What is clear though is what happens when a market ideology is taken to its logical collusion: it creates chaos, a chaos that benefits few and shows that markets cannot be controlled and do not produce, as is often claimed, the best possible outcome. Whether anyone has learnt this lesson in recent weeks though is very unlikely.

Department of Finance condemned

The Department of Finance's decision to ignore the Live Register is ideological and flies in the face of common sense
This summer has seen three major economic forecasts for the 26-County economy. All have promised a rosy future with thousands of new jobs. One of the reports was the Economic Review and Outlook for 1997 produced by the Department of Finance. Now part of the study's findings have been criticised by the Irish National Organisation of the Unemployed (INOU). The review forecast a 10,000 fall in unemployment next year.

The fall will come, according to the Finance economists, in the International Labour Organisation (ILO) measure of unemployment. This does not mean there will be less people signing on. Instead, the measure is calculated not by counting the actual numbers of unemployed but by an annual survey of up to 50,000 households. The Live Register figure of who is actually signing on has been left out. The most recent ILO survey for 1996 shows 177,600 people unemployed compared with the June live register unemployment figure of 254,863.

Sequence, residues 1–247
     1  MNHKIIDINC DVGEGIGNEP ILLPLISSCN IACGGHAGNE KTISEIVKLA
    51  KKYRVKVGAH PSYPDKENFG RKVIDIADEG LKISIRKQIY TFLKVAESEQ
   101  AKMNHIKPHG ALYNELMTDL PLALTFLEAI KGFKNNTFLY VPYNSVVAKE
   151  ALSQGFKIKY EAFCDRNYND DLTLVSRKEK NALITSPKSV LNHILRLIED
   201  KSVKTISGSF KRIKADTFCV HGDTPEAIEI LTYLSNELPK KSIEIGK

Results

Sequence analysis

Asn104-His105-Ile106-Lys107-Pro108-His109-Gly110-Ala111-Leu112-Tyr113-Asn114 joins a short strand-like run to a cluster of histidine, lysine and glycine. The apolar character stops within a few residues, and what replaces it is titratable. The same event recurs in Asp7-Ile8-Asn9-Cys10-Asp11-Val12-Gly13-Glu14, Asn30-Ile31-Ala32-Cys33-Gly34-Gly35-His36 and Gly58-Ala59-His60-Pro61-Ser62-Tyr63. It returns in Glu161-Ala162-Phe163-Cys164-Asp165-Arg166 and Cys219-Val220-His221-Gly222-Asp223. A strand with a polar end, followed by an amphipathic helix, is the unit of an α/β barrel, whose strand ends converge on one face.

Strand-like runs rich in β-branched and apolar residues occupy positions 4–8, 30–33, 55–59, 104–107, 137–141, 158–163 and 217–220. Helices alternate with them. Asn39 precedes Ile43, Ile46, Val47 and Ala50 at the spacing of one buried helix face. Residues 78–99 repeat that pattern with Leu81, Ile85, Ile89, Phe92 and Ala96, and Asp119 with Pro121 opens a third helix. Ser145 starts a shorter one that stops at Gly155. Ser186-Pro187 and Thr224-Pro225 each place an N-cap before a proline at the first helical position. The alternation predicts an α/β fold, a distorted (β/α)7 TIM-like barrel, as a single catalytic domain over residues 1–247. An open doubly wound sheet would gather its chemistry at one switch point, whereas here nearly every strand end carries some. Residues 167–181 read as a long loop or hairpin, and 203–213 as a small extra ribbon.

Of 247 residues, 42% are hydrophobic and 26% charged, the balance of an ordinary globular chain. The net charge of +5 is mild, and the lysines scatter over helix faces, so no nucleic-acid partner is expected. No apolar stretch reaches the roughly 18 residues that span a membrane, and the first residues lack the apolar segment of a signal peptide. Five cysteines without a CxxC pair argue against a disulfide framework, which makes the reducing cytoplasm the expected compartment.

The INOU case is that ``any realistic view of what is happening on unemployment must look at both figures''. INOU national chairperson Paul Billings maintains that ``the Department of Finance's decision to ignore the Live Register is ideological and flies in the face of common sense'' and that ``their present approach suggests they don't care whether any of the 50,000 new jobs goes to someone on the dole''.

``If the Government are serious about cutting the dole queues and the poverty they create, it is going to take a bit more than closing their eyes and leaving the statisitics they don't like out of the Department of Finance Review''.

Broken promises

When is an agreement to recognise unions not an agreement at all? When it's negotiated by New Labour. It was only on 25 July that British General Communications Head Quarters intelligence centre (GCHQ) lifted a 13 year ban on unions imposed by the Conservatives. It was agreed that the Public Services, Tax and Commerce Union (PTC) will have negotiating rights at the centre, which employs 4,400 workers.